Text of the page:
TDF Stage 1: Individual Time Trial

Saturday’s stage was the individual time trial, where you race one at a time, against the clock. The early riders departed with 1-minute time-gaps, the highest-ranked riders (who race last), with longer gaps. Only 8.7 miles (14 KM), in Dusseldorf, although it’s not what is called “a technical course” – meaning there aren’t a lot of tight turns or “traffic furniture” like barriers, that you need to weave around (as Christian Vande Velde said, “Only 11 corners out of 14 KM, less than a 1/1 ratio”) – it is raining. As you know if you’ve slipped crossing a street in the rain, the “white lines” like pedestrian crossings, lane-lies, and road markings, are treacherous when wet. Usually, you don’t see crashes on a time-trial like this, but the rain put butts on pavement.

Strategy for Today

From a strategic perspective, the General Classification (GC or Yellow Jersey) contenders need to do well enough in the Time Trial (TT) that they don’t lose time to their competitors because they’ll need to make up that time later. Unless they specialize in time trials – unusual for GC contenders, who usually do better in the mountains – it’s unlikely any of them will take yellow today.

It’s also unlikely that a sprinter will take yellow today, but some sprinters may be trying to do well enough to take the yellow jersey later in the week if they win a sprint stage and get time bonuses to push them into first place on the road. That’s possible during the first week but, once the race gets into the mountains, the sprinters lose so much overall time that the yellow jersey leaves them far behind. One sprinter who will take more risks today is Peter Sagan, a former mountain-biker, who is known for his bike-handling skills. Peter can also hold his own on all but the steepest mountains; so if he can get a pretty good time today and take yellow at some point this week, he may be able to hold it for a few days, even when the race moves into the mountains.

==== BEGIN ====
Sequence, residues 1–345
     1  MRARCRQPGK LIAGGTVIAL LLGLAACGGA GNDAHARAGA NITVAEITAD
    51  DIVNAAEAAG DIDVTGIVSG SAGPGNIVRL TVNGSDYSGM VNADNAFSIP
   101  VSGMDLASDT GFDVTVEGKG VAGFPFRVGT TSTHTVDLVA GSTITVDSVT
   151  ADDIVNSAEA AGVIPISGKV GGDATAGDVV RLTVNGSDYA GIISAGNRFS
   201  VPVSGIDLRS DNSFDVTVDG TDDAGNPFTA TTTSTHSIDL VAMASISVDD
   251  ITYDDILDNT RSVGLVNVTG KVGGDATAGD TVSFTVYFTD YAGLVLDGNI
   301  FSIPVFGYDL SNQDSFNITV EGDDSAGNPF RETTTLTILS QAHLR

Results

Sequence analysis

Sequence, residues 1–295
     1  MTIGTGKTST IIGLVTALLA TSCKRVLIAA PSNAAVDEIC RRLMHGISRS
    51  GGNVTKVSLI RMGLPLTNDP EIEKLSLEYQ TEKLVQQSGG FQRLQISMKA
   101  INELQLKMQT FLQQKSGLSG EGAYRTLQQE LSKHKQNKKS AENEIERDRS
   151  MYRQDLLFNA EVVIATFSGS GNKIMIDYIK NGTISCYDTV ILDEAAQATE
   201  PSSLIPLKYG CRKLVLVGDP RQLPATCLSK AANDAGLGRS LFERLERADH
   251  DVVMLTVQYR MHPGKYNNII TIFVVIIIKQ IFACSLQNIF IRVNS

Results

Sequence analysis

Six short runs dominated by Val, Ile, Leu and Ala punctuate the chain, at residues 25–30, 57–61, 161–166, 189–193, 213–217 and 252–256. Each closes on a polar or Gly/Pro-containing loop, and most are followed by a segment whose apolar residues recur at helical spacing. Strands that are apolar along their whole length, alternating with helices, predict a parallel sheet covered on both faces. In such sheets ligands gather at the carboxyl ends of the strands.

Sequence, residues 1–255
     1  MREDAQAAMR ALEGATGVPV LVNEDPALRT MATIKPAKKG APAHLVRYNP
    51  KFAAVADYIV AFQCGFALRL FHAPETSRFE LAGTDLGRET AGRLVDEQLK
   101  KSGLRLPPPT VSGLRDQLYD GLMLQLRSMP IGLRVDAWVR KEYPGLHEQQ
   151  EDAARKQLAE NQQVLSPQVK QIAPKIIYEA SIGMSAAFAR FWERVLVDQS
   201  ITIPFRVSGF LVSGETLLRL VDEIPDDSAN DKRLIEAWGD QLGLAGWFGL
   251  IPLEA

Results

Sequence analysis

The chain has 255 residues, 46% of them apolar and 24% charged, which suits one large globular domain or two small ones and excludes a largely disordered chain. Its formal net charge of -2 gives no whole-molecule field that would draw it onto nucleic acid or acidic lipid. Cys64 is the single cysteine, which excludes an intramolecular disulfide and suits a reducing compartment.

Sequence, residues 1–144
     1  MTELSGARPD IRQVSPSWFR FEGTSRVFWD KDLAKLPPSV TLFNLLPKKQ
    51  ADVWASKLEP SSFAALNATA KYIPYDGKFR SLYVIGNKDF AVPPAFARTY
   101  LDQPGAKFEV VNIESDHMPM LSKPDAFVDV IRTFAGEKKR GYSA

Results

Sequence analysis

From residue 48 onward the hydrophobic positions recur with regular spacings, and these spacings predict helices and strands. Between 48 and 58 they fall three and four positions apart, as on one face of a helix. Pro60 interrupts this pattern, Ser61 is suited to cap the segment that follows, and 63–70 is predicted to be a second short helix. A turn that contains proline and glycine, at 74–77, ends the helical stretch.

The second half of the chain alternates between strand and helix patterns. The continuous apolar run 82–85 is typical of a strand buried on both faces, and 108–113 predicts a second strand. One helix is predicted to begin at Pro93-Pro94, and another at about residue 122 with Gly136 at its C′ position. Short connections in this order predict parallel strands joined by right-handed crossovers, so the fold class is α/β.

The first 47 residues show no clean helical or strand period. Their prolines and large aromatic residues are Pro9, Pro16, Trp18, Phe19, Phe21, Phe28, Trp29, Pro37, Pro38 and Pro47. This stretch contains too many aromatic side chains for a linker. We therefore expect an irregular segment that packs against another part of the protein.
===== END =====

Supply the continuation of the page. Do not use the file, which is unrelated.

Today belongs to the time-trialers – if they can take yellow today, there’s always a chance they can keep it for a few days, quite an achievement for a time-trialer, who’s only other chance would be to keep up with the leaders during the first week and get into a long, solo breakaway that gives him enough of an advantage that he can earn yellow. (If he succeeds – unusual – he’ll be so exhausted that he’ll only wear it for a day.) In 2015, German Tony Martin took yellow in the opening time-trial, and then lost it several days later when he crashed and had to go home. With the Grand Depart in Dusseldorf this year, all the German time-trialers have their eyes on a stage-win — and yellow. You can tell how serious they are by their equipment: solid disc-wheels, super-fast dimpled skin suits, and aerodynamic jelly-bean helmets. Rumors surfaced that Team Sky – as in love with precision and tech as US Postal was in its day – created 3D-printed handlebars for Froome and Thomas.

The strategy for everyone else is to just finish safely so they can race tomorrow.

Tactics for Today

The earlier riders – who are less likely to do well on the day’s course – are testing the course for the later riders on their team and reporting back how bad the road conditions are. That’s their job today. That will affect equipment-decisions – rainy time-trials are harder with disc-wheels – and decisions about how fast to try to go.